Investors waiting for NVIDIA (NASDAQ:NVDA) stock to break free got their wish last year when the shares soared 60%, trouncing the S&P 500's 2% loss during the same period. It's down less than 1% since; yet that still beats the S&P, which is down more than 3% since the start of 2016.
All signs point to NVIDIA being a winning hold right now; but is the stock actually worth buying? Not if you consider the alternatives.
Gaming your portfolio
In this case, "alternatives" refers to the various makers of video games and entertainment whose stocks you can buy instead of NVIDIA. Seem like a weird comparable? Here's why it isn't: Graphical process units (GPU) that make the video gaming experience on consoles and laptops more awesome still account for more than 80% of NVIDIA's revenue, and 100% of its operating profit.
Efforts to diversify beyond gaming consoles haven't taken hold at the rate NVIDIA would have liked. For example, revenue from the company's Tegra line of mobile processors dropped sharply in 2014 (down 48%), and again last year (down 3%). Smartphone and tablet makers have bet on other chipmakers despite the technical advantages of the Tegra design. Last year's huge recall of the Tegra-powered SHIELD gaming tablet can't be helping the marketing effort.
Two better buys that will help you level up
Even so, there's a lot to like about NVIDIA as a video-game stock. Not only does the company make essential equipment for pro gamers, but it also pays a dividend that yields 1.45% as of this writing.
So what's the problem? NVIDIA lacks any sort of long-tail intellectual property (IP) that will keep paying off, even when there are no new products to market. Both of these stocks are better positioned in that regard:
- Activision Blizzard (NASDAQ:ATVI). Holder of some of the most impressive IP in the business, Activision Blizzard makes the Call of Duty, World of Warcraft, and Skylanders lines, among others. Efforts at brand expansion include significant bets on e-sports, and a Warcraft movie in June from production partner Legendary, and distributor Universal Pictures. Best of all, CEO Bobby Kotick is in the early stages of a capital return plan that included a recent 13% bump in the company's annual dividend payout. Further increases could come if Kotick and his team figure out how to squeeze more profit from Activision's $5.9 billion acquisition of mobile games maker King Digital. And that's just one of many potential catalysts in the works.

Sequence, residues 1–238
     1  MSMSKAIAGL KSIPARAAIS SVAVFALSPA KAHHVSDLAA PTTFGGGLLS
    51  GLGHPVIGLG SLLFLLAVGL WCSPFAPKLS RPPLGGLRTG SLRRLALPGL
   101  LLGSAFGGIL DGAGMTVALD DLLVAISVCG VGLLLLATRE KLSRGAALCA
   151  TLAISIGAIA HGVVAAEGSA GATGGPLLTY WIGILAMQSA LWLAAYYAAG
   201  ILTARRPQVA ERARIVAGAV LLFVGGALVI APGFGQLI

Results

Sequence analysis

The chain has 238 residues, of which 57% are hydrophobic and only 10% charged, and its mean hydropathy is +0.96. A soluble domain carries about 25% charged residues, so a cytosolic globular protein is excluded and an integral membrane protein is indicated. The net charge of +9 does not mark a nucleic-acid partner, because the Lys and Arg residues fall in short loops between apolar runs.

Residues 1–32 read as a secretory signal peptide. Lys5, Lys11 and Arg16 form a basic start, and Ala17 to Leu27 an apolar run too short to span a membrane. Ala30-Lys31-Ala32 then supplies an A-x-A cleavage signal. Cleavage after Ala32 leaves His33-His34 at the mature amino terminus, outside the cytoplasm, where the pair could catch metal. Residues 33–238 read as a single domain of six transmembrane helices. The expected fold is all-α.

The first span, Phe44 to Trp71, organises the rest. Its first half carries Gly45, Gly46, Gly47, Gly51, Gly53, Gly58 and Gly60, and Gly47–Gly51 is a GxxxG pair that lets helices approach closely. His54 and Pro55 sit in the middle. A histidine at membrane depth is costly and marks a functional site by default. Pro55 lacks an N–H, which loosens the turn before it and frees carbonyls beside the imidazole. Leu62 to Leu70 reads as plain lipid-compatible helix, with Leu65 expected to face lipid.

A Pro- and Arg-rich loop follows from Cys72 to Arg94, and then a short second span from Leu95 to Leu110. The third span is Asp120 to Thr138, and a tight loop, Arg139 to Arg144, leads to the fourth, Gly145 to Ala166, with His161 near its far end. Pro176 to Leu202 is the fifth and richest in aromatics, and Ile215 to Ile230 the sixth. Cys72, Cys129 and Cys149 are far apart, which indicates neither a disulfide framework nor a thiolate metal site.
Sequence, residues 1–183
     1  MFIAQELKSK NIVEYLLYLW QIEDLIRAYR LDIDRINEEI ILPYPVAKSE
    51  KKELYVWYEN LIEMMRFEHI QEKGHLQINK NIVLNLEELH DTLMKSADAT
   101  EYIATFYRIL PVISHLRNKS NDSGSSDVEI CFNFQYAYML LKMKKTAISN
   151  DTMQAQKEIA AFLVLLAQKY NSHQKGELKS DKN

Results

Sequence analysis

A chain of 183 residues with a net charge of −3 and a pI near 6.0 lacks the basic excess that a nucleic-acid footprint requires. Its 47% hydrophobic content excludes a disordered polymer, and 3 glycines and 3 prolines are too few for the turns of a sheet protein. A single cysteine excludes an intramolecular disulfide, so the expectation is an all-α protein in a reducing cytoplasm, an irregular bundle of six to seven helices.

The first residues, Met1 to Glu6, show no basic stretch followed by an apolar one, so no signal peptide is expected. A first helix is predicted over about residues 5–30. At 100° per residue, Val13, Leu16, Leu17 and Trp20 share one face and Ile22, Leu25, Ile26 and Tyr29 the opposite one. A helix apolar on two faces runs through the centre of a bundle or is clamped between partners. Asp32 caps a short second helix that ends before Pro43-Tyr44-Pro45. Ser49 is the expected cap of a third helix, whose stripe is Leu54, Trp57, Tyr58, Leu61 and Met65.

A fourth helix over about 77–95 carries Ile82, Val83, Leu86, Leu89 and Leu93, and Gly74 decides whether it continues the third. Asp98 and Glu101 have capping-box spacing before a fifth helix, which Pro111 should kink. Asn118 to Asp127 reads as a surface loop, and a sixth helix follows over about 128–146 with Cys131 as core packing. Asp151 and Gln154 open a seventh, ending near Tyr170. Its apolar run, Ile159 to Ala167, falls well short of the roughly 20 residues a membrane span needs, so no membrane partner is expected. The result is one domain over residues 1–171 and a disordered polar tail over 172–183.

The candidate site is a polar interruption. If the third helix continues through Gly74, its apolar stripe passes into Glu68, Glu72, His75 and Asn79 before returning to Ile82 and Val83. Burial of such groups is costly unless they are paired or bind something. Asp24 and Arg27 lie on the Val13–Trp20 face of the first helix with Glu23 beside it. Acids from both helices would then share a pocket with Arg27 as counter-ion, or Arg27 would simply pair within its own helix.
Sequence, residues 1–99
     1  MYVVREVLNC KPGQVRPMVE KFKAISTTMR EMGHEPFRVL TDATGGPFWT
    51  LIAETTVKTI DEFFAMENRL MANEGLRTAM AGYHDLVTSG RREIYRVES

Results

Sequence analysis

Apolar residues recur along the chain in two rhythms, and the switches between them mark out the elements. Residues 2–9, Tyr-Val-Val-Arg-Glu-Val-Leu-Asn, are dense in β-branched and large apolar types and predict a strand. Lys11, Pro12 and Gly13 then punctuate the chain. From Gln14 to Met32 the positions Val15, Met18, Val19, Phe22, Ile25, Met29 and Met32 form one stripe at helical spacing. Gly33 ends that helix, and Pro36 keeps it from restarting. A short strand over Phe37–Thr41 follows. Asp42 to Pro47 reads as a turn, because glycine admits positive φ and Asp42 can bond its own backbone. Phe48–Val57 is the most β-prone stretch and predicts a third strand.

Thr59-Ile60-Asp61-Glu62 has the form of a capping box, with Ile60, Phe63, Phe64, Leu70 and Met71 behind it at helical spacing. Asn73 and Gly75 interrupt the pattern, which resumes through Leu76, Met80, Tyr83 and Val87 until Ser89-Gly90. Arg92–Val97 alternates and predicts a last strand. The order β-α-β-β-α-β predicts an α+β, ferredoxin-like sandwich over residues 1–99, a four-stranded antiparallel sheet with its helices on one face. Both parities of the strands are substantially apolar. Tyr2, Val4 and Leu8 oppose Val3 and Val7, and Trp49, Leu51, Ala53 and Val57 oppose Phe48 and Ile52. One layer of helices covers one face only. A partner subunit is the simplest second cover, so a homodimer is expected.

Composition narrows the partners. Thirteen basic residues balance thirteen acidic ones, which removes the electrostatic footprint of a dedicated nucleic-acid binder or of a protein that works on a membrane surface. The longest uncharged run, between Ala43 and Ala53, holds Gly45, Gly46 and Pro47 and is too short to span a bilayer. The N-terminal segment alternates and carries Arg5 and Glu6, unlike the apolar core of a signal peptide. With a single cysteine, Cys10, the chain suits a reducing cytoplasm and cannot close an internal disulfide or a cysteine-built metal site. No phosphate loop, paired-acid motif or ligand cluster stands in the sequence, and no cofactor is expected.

- Take-Two Interactive (NASDAQ:TTWO). Maker of what may be the most popular -- and most profitable -- console game in recent history, Take-Two's Grand Theft Auto franchise has proven that it's possible to cash in on a video game brand even when there's no new console versions to sell. GTA Online, a web-based, multiplayer companion pack to Grand Theft Auto V, routinely draws 8 million players a week, and set a record for revenue and active engagement during the most-recent holiday season. Cash flow has normalized as a result of these consistent gains. Specifically, cash flow from operations has come in above $100 million in four of the last five quarters -- a mark achieved only four times in the prior four years. Mix in popular sports-themed titles, a new publishing arm, and an IP licensing deal with Lions Gate Entertainment, and you've got the makings of an emerging entertainment titan.
Wait for better days
Finally, let's talk about valuation. NVIDIA stock trades for more than 30 times earnings. That wouldn't be so bad if analysts tracked by S&P Capital IQ were expecting robust growth, or known catalysts were in place, ready to push the stock higher. Instead, they're modeling for profits to expand by less than 11% annually during the next three-to-five years. The delta suggests NVIDIA stock is priced for growth that it can't reasonably achieve.
NVIDIA is a good business that may foster new catalysts. Till then, this is a richly valued stock that's unlikely to outperform -- especially when compared to peers like Activision and Take-Two.